Session Time: 3:15pm-4:00pm
Presentation Time: 3:30pm-4:00pm
*Purpose: Induction of long term transplant survival by “costimulation blockade” (CoB) is achieved through deletion of abortively activated alloreactive T cells and generation of graft protective regulatory T cells (Tregs). However, establishment of tolerance can be impaired by acute inflammatory responses. We and others recently revealed new interrelations between inflammatory cytokines and interleukin 10 (IL-10) that alter the signaling outcome of the latter. In this study we investigated the role of IL-10 during transplant tolerance induction.
*Methods: Full mismatch Balb/c into C57BL/6 (B6), or into B6 expressing in T cells a dominant negative IL-10R (DN), skin transplant recipients received a peri-transplant regimen based on donor specific infusion and anti-CD154 mAb (MR-1) +/- blocking a-IL-10R mAb. Rested-effector cells were generated in vitro via polyclonal activation of naïve T cells followed by resting.
*Results: The systemic blockade of IL-10R during CoB administration revealed that IL-10 signaling is essential for the regulation of alloreactivity (transplant survival: MST 105d with CoB vs 47d with a-IL-10R). In DN mice, extended graft survival could not be promoted by CoB (MST 30d) revealing an unexpected important direct modulation of T cells by IL-10. This accelerated rejection correlated with increased production of TNF-a, IFN-g and IL-17A by T cells, in comparison to B6 control recipients. We then investigated the direct role of IL-10 in modulating T cell functions. In experiments with rested-effector cells, the presence of IL-10 did not reduce their effector functions (cytokine secretion) after re-stimulation nor their signaling threshold. IL-10 did not alter the expression level of important checkpoint receptors either. What we discovered is that IL-10 can neutralize the poorly investigated effect of TLR-mediated (CD28 independent) costimulation of memory and effector T cells. We have an ongoing RNAseq analysis to decipher this novel mechanism at the molecular level.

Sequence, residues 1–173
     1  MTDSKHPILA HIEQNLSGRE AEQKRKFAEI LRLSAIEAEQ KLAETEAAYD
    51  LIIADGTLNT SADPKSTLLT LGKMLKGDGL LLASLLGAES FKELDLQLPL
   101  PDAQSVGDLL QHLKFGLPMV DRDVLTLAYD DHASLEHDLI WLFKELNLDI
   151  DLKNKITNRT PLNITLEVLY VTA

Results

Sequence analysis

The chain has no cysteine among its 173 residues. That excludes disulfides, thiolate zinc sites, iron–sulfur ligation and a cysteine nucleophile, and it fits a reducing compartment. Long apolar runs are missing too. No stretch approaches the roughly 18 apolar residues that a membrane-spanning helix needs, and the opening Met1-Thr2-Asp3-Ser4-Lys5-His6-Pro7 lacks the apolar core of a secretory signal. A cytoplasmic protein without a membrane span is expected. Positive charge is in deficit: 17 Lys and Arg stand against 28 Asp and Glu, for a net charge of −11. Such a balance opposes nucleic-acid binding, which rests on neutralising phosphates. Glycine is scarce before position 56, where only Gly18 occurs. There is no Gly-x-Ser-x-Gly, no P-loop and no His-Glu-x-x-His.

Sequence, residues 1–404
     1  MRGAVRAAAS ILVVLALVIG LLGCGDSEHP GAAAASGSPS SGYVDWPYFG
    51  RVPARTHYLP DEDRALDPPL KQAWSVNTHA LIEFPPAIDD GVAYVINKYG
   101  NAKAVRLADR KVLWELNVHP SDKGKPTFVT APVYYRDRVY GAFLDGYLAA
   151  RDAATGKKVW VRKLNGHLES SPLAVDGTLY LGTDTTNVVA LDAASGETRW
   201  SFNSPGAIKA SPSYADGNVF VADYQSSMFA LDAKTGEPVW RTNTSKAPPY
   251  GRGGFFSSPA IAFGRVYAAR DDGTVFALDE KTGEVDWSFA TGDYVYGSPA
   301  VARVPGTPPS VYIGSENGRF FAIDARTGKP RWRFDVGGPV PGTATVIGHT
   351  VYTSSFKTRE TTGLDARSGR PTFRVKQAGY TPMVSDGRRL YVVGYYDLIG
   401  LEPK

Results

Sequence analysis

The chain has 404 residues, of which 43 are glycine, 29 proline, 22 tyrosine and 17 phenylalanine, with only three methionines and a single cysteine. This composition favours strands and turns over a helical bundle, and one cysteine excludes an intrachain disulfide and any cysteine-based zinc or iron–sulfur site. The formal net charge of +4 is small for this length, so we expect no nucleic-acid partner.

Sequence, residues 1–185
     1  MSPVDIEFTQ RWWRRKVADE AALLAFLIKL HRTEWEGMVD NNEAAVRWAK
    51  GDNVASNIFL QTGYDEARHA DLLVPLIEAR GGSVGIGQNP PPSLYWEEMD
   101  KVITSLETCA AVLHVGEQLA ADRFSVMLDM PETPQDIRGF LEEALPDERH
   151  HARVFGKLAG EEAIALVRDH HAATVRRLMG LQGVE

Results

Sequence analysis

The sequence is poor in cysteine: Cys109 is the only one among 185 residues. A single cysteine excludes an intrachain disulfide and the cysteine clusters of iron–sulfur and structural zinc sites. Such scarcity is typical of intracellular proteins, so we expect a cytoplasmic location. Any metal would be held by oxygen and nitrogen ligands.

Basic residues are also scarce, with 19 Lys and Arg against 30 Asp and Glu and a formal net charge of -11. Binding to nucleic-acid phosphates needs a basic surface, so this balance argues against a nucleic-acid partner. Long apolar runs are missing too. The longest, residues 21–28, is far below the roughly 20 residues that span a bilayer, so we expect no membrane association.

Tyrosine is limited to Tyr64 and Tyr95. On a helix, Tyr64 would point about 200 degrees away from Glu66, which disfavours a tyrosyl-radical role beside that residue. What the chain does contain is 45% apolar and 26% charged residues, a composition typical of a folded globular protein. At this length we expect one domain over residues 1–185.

*Conclusions: Overall, these results highlight the importance of IL-10 signaling for the therapeutic efficacy of CoB. Integrated with the “plasticity” of IL-10 from recent reports, they could explain why past attempts to use IL-10 to prevent allograft rejection were met with contradictory results. A better understanding of the effects of this cytokine on T cells will reveal targets of strategies to preserve its regulatory activity and ultimately sustain the clinical efficacy of CoB.
To cite this abstract in AMA style:Lozano MIglesias, Bibicheff D, Chicco M, Brandacher G, Raimondi G. IL-10 Signaling in T Cells is Essential for Induction of Transplant Tolerance [abstract]. Am J Transplant. 2020; 20 (suppl 3). https://atcmeetingabstracts.com/abstract/il-10-signaling-in-t-cells-is-essential-for-induction-of-transplant-tolerance/. Accessed March 4, 2021.
« Back to 2020 American Transplant Congress